Thursday, February 23, 2012

Observation - All Editions of D&D Sessions Lead to Torture and / or Fire

This wasn't just my observation. It was made at both tables at last nite's Games That Can Not Be Named.

Torture comes up repeatedly, because there is no system in game for PCs to extract information from captured adversaries. Most DMs don't want their now prisoner NPCs to divulge too much info. PCs want all info. Frustrations leads to torture.

Fire. Either the PCs are using burning oil, or their adversaries learned from the previous session and are using it on them. At low levels, effective use of burning oil can be a game changer. Either that, or we have a lot of suppressed pyromaniacs playing D&D ;)

As for torture, that might be a good RPG supplement for someone to write. Kinda like a flow chart / resolution table, so we can get away from the descriptions of failed torture for info in our gaming sessions.

Just some thoughts.


  1. Is it an early edition of Gamma World that has a flow chart for figuring out how to use some piece of future tech? maybe that sort of thing, walking you through how much or what level of information you pry out of your prisoner under duress.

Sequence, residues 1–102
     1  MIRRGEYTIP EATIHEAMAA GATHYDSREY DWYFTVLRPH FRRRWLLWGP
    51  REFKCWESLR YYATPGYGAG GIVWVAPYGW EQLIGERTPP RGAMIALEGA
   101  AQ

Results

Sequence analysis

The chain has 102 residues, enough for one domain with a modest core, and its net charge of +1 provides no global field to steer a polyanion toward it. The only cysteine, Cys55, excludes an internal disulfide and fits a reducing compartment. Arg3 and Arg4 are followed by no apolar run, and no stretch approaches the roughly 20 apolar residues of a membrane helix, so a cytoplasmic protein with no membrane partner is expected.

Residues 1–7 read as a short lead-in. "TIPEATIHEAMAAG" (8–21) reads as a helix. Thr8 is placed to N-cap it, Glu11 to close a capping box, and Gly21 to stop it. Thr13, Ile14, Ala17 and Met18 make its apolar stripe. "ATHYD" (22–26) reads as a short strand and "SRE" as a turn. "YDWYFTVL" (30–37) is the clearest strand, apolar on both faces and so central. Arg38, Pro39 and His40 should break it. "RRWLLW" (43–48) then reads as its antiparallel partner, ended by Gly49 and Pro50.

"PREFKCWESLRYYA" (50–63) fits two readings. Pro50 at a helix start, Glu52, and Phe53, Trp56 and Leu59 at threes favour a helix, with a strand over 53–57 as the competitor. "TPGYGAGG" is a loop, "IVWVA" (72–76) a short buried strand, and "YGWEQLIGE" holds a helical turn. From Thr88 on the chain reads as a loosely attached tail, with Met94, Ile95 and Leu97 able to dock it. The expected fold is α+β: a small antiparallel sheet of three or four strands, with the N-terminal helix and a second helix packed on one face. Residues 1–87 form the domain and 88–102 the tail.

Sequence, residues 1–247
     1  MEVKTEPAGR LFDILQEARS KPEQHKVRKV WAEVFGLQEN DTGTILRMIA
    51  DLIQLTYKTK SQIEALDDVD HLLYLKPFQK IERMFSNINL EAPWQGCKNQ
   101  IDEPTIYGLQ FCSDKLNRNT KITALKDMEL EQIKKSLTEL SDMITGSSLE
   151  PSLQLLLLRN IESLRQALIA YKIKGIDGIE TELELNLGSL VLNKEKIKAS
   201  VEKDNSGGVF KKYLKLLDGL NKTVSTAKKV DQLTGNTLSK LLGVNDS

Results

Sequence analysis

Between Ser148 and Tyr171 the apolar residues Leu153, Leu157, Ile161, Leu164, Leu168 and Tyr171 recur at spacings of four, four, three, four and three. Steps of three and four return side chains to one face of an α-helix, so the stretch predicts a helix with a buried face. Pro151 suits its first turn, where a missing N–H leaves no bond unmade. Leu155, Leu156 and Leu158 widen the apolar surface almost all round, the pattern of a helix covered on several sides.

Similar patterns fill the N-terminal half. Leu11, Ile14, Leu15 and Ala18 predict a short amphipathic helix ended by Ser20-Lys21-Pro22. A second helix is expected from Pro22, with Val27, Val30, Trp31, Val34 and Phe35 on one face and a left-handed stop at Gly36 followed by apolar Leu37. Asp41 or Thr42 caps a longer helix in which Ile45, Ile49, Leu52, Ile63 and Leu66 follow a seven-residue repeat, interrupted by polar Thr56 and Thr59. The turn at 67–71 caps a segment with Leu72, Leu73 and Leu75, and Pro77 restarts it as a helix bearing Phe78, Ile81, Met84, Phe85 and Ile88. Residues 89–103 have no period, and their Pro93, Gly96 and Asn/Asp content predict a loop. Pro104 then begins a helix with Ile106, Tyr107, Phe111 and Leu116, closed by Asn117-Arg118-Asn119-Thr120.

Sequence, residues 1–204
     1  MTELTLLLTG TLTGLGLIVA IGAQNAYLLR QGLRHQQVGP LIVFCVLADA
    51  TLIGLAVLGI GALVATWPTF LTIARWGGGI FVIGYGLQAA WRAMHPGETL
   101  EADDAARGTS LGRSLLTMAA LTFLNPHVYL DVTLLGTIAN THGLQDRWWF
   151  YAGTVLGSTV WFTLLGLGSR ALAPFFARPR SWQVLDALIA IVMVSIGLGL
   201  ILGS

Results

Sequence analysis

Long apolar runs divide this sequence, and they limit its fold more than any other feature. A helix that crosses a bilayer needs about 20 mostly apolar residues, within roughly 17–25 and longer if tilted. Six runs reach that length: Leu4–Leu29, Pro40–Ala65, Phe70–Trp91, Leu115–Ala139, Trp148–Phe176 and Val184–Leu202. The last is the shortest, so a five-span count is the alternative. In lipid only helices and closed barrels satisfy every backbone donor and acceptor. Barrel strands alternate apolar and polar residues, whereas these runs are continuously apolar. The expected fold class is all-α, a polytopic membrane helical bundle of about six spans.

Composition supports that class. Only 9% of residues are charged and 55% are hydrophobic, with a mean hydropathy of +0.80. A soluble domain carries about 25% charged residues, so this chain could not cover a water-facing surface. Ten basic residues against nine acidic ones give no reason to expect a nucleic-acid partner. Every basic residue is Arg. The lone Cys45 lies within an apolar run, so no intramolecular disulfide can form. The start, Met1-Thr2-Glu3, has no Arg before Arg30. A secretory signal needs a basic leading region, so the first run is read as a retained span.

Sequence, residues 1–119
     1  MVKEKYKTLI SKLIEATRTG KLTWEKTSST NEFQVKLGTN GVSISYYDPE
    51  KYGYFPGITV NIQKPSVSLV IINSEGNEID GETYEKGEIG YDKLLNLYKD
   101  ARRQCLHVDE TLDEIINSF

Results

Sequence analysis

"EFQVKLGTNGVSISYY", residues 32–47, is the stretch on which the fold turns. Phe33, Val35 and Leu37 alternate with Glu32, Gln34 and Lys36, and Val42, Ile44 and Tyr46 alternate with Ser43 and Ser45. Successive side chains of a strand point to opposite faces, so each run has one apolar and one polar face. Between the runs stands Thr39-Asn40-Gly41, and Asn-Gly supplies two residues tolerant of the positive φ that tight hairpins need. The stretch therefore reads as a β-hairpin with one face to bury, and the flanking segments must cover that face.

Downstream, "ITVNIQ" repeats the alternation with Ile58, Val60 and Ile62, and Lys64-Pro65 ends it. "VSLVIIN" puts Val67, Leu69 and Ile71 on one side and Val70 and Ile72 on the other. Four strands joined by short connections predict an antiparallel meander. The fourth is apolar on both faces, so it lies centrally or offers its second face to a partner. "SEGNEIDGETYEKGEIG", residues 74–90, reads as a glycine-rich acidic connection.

2. I have Gamma World 1e - I think I remember the fow chart in question. Haven't looked at the game in at least 20 years.

    I may just have to dig it out ;)

  3. Actually the Book of Vile Darkness (DND 3.0) has detailed and easy to use rules for torture.

    Also, if there were torture rules in Gamma World it must have been 2e because I've played every other edition of the game and would have remembered the torture rules.

  4. Funnily enough my group of players has quite a history of burning down structures! They've also been known to interrogate captives. They've used a combination of threats and Charisma (sometimes roleplayed, sometimes rolled using C&C's SIEGE Engine, sometimes a combo of both) for said questioning. There's only been on instances of outright torture to get information, though.

  5. Oh, sorry: they've also used fire on monsters as well! One clever player actually filled a water bag with oil and created an impromptu flame thrower...which pretty much backfired on him, literally! Good times!

  6. @George: I wasn't implying there were any torture rules in GW, just a flow chart system that could be a model for information gathering. Sorry if I was confusing.


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